Born Under Punches: Ryan Social Security Ideas Trace To Brutal Military Dictatorship
Bruce Wilson printable version print page     Bookmark and Share
Thu Oct 25, 2012 at 09:02:57 AM EST
[image, right: Gen. Augusto Pinochet (bottom) and fellow Chilean military officers whose 1973 coup launched a dictatorship that pioneered both a pension privatization approach favored by Paul Ryan, and also cutting-edge torture techniques later used at Abu Ghraib, in Iraq]
"The victims were humiliated, threatened, and beaten; exposed to extreme cold, to heat and the sun until they became dehydrated; to thirst, hunger, sleep deprivation; they were submerged in water mixed with sewage to the point of asphyxiation; electric shocks were applied to the most sensitive parts of their bodies; they were sexually humiliated, if not raped by men and animals, or forced to witness the rape and torture of their loved ones."

-- From the Valech Commission Report, on torture under the regime of Augusto Pinochet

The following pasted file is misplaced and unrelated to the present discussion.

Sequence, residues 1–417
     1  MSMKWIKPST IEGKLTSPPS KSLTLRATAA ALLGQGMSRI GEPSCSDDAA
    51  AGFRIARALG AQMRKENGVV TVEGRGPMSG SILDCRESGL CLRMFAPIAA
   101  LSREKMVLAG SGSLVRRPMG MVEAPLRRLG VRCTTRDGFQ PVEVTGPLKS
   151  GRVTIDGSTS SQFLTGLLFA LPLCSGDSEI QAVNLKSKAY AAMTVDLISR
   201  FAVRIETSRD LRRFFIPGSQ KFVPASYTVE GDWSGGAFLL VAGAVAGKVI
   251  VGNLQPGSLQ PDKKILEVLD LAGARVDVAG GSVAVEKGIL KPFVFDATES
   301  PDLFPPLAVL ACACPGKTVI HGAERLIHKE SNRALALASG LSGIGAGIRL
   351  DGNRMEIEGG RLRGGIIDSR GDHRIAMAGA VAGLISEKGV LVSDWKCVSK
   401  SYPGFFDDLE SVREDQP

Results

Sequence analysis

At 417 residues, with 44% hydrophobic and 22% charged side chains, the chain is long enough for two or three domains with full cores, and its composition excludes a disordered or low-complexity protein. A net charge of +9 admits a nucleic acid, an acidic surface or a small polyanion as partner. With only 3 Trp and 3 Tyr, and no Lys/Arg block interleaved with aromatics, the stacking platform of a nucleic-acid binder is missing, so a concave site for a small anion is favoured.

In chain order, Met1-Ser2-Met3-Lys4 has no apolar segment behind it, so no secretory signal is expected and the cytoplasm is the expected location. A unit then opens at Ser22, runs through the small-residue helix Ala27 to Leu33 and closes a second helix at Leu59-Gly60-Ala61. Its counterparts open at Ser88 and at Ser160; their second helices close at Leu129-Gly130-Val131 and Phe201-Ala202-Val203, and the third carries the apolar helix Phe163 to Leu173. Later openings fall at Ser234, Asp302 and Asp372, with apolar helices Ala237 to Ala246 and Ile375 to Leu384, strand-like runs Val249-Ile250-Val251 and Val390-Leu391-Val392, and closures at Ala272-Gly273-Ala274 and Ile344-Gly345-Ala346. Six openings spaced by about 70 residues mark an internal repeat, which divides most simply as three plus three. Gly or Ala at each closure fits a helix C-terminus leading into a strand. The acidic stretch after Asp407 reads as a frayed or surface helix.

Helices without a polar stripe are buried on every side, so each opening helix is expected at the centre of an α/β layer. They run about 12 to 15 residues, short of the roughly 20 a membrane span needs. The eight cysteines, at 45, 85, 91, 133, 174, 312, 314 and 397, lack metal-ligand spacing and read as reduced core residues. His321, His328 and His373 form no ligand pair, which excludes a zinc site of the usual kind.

While the Republican Party and its wealthy plutocrat backers have been accused of waging an elitist virtual war against the American majority, both Mitt Romney and Paul Ryan have financial and ideological ties to rich Latin American elites who have waged real wars against average citizens in their countries.

The anti-democratic ethos of today's GOP, displayed in Republican presidential candidate Mitt Romney's apparent contempt for 47% of U.S. citizens, is reflected in the origins of Mitt Romney's private equity firm Bain Capital, which was founded with money from Central American financiers linked to government-backed death squads in El Salvador. Paul Ryan's budgetary ideas have a similarly dark origin, in the paradigmatic case of what author Naomi Klein has dubbed "The Shock Doctrine".

In August 2012, Republican political consultant Roger Stone made the accusation that the billionaire libertarian Koch Brothers had bought Mitt Romney's selection of Paul Ryan as a running mate, by offering to kick in $100 million more for "independent expenditures" in the 2012 presidential election.

While the charge may never be substantiated, Paul Ryan is one of the few elected officials allowed into the inner sanctum of the Koch brothers and their fellow libertarian big money donor circle.

It is also the case that Paul Ryan's Social Security privatization ideas closely track Koch Brother schemes promoted from the Koch-funded libertarian Cato Institute since 1980, over three decades ago - before Ryan had even hit puberty. Cato's website currently features the ringing endorsement of Paul Ryan,